Facebook ‘Like’ Plug-in Sparks Privacy Concerns

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Facebook’s new social software tools could help it colonise the web, but pundits are debating the privacy implications

Facebook launched its most ambitious social web effort on 21 April, offering software tools with partners that one analyst said would help Facebook colonise the web.

The three key components of the news were social plug-ins, Open Graph and Graph API. In the 48 hours since CEO Mark Zuckerberg launched the tools at the F8 developer conference, much has been said.

Pundits are debating the privacy implications as well as the power Facebook will wield over the web with its “Like” button on the front and its Open Graph on the back. eWEEK walks through the ramifications of the news here.

1) Do you like the Like button?

More than 75 partners joined Facebook, many of which are offering a “Like” button, the core Facebook social plug-in. Partner Websites such as Yelp install the Like button and users can click on it.

A click indicates interest in a story or other content, which is transmitted to the user’s Facebook page with a link back to, say, IMDB.com. Facebook will populate users’ profiles with this information. But info about this “like” is also sent back to partner websites, and Facebook users can see what the user has liked on those websites.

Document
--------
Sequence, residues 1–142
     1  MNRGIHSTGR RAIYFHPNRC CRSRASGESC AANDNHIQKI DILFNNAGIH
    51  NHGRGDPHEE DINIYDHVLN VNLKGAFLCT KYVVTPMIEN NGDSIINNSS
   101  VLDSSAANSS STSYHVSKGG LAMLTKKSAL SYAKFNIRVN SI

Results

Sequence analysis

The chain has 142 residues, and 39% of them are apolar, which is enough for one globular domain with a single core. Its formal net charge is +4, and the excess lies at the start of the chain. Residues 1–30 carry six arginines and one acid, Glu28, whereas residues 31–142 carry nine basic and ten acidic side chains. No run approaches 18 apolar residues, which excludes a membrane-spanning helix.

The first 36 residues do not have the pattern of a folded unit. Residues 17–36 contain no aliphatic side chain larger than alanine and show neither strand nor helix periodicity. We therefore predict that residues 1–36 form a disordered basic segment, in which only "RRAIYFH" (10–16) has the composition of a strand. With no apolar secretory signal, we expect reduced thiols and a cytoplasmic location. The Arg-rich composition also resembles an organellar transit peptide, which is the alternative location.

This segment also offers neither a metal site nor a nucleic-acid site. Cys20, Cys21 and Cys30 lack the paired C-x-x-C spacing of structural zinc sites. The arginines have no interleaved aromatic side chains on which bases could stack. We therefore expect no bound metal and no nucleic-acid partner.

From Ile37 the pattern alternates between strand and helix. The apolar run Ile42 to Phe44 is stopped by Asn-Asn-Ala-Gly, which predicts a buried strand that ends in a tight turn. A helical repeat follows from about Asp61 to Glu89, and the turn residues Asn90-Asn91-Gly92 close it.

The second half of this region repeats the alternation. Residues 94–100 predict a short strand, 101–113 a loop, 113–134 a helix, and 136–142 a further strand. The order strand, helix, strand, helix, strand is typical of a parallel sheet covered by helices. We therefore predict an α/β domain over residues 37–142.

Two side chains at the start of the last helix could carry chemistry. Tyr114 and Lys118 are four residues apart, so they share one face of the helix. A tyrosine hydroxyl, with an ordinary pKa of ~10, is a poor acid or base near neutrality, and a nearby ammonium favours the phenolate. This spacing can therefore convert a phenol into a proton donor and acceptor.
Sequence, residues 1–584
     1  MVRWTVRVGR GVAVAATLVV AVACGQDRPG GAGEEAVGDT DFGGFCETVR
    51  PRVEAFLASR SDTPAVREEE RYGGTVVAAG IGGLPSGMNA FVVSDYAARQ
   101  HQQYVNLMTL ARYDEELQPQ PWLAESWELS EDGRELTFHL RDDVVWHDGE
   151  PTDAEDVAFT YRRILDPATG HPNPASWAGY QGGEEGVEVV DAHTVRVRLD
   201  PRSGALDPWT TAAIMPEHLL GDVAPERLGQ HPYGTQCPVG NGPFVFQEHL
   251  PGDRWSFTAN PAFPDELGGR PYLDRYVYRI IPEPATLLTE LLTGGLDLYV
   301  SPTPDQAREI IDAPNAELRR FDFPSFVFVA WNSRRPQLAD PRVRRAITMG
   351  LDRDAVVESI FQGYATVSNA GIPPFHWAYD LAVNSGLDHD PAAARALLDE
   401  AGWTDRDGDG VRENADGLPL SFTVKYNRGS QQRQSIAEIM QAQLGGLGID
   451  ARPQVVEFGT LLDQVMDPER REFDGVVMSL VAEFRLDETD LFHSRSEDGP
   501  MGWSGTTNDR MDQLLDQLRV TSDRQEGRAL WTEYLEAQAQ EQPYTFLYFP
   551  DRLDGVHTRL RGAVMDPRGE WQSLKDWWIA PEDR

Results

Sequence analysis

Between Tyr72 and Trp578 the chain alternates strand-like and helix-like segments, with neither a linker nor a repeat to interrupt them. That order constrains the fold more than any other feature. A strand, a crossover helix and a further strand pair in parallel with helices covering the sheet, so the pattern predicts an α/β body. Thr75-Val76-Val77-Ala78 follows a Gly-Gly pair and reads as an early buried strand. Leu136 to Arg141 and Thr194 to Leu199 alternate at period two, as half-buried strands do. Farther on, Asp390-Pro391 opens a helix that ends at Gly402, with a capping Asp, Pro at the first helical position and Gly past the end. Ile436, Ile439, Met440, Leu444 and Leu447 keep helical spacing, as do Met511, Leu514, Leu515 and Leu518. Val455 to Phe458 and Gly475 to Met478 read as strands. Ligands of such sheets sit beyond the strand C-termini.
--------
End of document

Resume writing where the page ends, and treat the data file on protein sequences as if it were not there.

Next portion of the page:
2) Instant personalisation

Facebook is now offering users the chance to “Connect with your friends on your favorite websites,” such as Yelp, Pandora and Docs.com, the Microsoft FUSE Labs site that lets users share Microsoft Office documents in Facebook.

3) How it works

When you’re logged into Facebook, these sites can personalise your experience using your public Facebook information. When you visit an instantly personalised site, the partner can use your public Facebook information to personalise the experience.

The website will ask for your explicit permission to use any non-public info. Each instant personalisation partner is required to display a blue Facebook notification at the top of its website when you first arrive at the site.

4) What does it look like to a user?

GigaOm’s Liz Gannes described it well: “Instant personalisation means that if you show up to the Internet radio site Pandora for the first time, it will now be able to look directly at your Facebook profile and use public information—name, profile picture, gender and connections, plus anything else you’ve made public—to give you a personalised experience.

“So if I have already publicly stated through my Facebook interests page that I like a musical artist—say, The Talking Heads—the first song I hear when I go to Pandora will be a Talking Heads song or something that Pandora thinks is similar.”

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